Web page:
- 744 pixels (ratio 0.01 of all image pixels) are different.

If we scroll further down the page, we will see similar ‘actual’, ‘expected,’ and ‘diff’ images - and a nice additional feature, which lets us swipe between views:

gif Playwright Visual Regression

That test was the one we intentionally changed. Let's look at the comparison for the file we didn’t change. As you can see, there is a small red highlighted area near the bottom of the web page. This could be due to the layout or elements on the page loading differently from the baseline, as it's a small banner image that has come into view.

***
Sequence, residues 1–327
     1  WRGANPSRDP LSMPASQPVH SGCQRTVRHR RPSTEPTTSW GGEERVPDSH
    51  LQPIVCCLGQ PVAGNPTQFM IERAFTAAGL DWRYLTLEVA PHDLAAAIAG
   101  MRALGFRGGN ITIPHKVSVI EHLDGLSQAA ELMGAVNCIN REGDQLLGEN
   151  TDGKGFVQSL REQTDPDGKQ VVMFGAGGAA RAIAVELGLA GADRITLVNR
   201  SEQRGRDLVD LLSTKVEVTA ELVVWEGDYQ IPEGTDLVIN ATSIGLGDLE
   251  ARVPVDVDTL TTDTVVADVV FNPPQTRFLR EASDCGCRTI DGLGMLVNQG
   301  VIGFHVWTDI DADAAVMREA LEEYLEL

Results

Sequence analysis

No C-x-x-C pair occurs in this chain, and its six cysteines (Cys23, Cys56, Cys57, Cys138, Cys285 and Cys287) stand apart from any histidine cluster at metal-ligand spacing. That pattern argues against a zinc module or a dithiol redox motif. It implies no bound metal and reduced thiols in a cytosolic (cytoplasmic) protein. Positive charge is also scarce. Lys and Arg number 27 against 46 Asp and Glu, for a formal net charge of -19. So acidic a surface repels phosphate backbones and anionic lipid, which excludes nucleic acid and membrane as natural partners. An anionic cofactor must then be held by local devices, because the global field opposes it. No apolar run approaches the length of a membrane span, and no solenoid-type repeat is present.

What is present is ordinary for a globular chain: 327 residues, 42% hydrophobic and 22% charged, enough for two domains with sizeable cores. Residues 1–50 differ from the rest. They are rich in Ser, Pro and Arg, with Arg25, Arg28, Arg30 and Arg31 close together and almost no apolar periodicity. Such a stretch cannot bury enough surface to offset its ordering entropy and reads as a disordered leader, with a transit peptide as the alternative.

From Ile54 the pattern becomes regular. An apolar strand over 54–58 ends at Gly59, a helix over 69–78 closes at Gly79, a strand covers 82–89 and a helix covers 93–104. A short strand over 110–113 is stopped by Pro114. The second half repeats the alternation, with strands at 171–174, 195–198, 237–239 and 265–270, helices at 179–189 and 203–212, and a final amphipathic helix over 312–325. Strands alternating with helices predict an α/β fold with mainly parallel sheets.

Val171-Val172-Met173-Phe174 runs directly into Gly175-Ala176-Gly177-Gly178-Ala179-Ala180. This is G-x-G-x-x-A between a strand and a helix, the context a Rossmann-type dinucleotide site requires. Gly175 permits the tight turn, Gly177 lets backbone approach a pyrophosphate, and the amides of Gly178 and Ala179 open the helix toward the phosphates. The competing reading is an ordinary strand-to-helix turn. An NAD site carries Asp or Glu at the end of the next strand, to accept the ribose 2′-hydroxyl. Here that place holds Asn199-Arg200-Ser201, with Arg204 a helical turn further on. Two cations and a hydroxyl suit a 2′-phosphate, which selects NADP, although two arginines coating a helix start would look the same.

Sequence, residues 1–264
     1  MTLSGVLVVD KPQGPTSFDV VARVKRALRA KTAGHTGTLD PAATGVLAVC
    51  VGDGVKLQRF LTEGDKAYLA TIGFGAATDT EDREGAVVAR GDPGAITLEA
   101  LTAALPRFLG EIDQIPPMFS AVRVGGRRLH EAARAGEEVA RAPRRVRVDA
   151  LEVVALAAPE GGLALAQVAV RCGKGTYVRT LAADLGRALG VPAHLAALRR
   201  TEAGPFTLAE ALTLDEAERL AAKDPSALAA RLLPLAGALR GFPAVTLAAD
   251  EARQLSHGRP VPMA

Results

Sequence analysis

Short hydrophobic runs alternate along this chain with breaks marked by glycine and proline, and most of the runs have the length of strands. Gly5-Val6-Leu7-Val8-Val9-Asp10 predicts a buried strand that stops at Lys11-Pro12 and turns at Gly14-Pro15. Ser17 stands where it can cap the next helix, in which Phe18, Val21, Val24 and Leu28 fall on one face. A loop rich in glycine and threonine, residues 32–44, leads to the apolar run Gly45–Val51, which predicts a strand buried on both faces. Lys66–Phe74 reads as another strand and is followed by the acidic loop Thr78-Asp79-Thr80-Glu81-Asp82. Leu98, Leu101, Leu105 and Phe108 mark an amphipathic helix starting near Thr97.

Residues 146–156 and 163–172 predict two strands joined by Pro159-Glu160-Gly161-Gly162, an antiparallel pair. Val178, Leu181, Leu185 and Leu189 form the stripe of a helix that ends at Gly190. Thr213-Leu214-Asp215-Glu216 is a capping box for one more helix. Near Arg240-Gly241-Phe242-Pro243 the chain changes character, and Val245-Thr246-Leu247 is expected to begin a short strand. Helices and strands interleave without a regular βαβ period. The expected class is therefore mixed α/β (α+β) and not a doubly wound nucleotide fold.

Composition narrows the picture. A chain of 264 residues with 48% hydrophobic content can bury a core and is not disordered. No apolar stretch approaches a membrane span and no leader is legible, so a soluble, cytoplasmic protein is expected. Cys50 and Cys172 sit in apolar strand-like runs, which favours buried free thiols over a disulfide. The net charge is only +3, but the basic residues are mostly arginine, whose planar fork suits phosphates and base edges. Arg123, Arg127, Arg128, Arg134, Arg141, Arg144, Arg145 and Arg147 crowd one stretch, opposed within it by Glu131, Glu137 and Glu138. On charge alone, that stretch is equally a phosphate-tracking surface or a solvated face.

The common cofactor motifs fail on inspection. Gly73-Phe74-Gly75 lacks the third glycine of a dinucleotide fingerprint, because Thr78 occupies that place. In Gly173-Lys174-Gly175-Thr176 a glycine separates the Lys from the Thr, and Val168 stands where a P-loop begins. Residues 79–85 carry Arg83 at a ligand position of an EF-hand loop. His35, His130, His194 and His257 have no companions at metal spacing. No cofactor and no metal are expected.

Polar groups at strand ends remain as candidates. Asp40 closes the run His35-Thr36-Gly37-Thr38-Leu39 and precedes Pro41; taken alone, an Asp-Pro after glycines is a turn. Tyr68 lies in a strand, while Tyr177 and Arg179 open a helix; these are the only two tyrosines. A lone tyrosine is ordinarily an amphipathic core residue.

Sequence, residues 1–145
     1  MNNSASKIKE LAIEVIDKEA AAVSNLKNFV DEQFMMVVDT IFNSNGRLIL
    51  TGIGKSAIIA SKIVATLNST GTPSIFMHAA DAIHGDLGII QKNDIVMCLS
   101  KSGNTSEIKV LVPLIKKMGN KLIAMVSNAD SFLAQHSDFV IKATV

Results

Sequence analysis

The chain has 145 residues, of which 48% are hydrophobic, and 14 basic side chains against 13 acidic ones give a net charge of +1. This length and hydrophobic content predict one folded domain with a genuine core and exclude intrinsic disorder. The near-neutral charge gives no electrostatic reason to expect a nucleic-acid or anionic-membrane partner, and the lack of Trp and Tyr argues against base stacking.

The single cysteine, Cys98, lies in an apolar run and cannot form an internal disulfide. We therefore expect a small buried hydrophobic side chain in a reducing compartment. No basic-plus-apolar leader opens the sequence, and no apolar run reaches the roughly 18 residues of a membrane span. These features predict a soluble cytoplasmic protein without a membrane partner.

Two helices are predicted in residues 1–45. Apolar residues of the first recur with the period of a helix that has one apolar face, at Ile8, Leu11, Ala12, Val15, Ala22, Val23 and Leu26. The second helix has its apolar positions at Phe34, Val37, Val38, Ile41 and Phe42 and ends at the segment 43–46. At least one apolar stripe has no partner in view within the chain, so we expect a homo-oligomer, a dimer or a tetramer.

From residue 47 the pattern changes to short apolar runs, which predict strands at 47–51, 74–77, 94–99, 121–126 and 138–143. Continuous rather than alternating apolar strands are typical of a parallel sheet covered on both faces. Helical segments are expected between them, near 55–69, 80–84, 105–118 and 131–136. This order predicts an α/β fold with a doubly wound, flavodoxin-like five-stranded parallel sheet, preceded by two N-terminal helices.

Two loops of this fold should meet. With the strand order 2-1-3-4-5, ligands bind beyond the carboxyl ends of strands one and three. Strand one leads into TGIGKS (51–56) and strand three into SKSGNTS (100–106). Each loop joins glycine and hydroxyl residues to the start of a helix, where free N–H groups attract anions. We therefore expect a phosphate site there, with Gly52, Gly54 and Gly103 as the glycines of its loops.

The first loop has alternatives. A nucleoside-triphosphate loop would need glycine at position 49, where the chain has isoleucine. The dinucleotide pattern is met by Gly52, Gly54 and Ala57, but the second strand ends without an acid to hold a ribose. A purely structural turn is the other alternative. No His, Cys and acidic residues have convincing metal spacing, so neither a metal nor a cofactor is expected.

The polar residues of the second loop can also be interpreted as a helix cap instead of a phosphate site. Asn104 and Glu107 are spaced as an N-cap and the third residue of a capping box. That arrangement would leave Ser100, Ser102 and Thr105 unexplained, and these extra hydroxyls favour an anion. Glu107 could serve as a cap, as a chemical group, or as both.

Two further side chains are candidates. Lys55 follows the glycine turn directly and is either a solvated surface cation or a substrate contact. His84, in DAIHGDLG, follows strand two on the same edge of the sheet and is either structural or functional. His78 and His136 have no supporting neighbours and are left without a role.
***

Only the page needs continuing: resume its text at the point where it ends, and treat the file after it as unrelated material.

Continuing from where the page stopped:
This can happen occasionally and is another reason why it's good to tweak the thresholds at which the tests break and narrow the focus of our image comparison.

layout or elements on the page loading differently

Implementing visual testing for a single element

Leading from our flaky visual test, let’s instead hone down our Playwright visual regression testing to a single element rather than the whole web view. We’ve updated our test to focus on the header logo:

// example.spec.js
const { test, expect } = require('@playwright/test');

test('example test', async ({ page }) => {
await page.goto('');

const headerLogo = page.locator('#entry_217821 > figure > a > img')
await expect(headerLogo).toHaveScreenshot()

Before we perform Playwright visual regression testing, we will need to update our baseline images. We can do that by running this simple command:

npx playwright test --update-snapshots

If we check our snapshots folder, you will see the nice little icon for the LambdaTest Playground website:

LambdaTest Playground website PLaywright visual regression testing